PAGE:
I was facinated by the idea of getting the main ingredient of a beloved French sausage at Moo&Oink. I was charged by the idea of trumping some imaginary offal competition, by going lower on the hog than any other chef. I was broken by my own reality. It was a challenge the entire way and in the end both the sausage and I self destructed.
I had never really shopped for chitterlings but I knew where to get them, it's a straight shot, bout a mile or so, across 183rd ST, to Moo & Oink. I found a four and a half pound bucket. I didn't think I needed that much, and it cost 10 bucks. But that's all they had, so I went for it.
When I got it home, I opened the frozen bucket and was confronted by a familiar odor: Eau de Slaughterhouse. Ok...I set the mass in water to thaw. After a couple of days of ignoring my guts I rinsed them. Rinsing and draining was no big deal but when I weighed my chitterlings I was down to two pounds. This sausage is starting to get expensive and still smelly.
I built a marinade of typical pickling spices and white wine. I let it go for a couple of days.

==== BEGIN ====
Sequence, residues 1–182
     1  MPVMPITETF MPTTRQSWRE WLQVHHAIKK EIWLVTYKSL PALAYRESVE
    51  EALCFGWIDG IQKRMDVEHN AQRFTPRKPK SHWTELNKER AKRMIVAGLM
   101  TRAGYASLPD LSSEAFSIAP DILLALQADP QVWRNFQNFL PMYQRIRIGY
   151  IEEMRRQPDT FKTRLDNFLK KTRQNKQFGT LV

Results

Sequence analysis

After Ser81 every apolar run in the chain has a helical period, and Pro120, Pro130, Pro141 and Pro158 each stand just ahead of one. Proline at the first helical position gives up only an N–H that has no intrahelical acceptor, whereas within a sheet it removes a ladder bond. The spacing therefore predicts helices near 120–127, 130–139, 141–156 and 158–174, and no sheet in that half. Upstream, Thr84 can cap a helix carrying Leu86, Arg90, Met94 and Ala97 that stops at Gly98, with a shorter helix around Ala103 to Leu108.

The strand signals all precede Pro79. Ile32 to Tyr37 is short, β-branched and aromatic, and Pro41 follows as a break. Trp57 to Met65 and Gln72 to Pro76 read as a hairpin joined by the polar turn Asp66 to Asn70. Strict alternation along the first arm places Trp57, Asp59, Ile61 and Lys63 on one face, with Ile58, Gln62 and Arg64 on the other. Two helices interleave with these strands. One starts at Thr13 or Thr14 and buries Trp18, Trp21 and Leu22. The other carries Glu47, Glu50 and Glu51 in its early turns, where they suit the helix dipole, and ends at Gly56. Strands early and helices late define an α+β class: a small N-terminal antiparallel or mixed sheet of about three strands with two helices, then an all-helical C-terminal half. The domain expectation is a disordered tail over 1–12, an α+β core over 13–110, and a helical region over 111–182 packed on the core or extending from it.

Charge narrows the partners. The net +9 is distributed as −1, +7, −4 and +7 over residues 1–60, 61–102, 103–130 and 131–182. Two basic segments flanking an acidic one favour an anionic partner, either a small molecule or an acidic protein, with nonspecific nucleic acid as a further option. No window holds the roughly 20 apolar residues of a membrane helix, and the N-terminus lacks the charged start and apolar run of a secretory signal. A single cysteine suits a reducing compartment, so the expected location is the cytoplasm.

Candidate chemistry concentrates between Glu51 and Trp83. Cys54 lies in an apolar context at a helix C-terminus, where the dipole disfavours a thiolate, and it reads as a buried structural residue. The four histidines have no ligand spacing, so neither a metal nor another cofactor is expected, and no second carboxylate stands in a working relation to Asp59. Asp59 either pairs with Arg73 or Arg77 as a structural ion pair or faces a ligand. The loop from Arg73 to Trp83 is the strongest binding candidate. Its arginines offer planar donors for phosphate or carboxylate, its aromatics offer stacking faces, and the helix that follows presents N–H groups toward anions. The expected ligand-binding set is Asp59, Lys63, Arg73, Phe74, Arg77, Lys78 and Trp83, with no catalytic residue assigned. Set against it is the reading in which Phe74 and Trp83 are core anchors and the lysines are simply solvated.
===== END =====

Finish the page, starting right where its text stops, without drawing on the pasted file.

Andouillette is serious business in France. For stuffing the sausage you either lay the chitterlings in long strips and draw over the casing or you can mince it.
There are many different recipes, I went with something simple, Onion, salt, pepper and mace.
Then finally it's simmered in a court-bouillon for 3-5 hours. This is when sausage and chef came undone. I knew I shouldn't cover a simmering sausage, but I was afraid the liquid would reduce too much. About a half an hour is all it took. I continued to cook the decimated links for three hours, just to sample the disaster. Edible, but still no one had any interest in the result. You see, from start to finish, there was the smell. Sure after all the processing and cooking it had been transformed, muted, even complimented, but still the hint. I could see beyond it, but what's the point if no one else wants to? At least I got a nice bucket out of it.
Here are links I found useful while developing the recipe:
The Troyes Andouillette (a regional tourism website)
Andouillette on Wikipedia
Andouillettes.com (nuff said)
Gilbert Lemelle (The Vienna Beef of Andouiellettes)
Andouillette Recipes from a Culinary School (PDF)
Book Sources (Links to WorldCat)
Charcuterie and French pork cookery by Grigson
The Great Book of Sausages by Hippisley Coxe
Larousse Gastronomique by Montagné
And the indespensable:
The sausage book : being a compendium of sausage recipes, ways of making and eating sausage, accompanying dishes, and strong waters to be served, including many recipes from Germany, France, and Lancaster County, Pennsylvania and committed to paper by Gehman.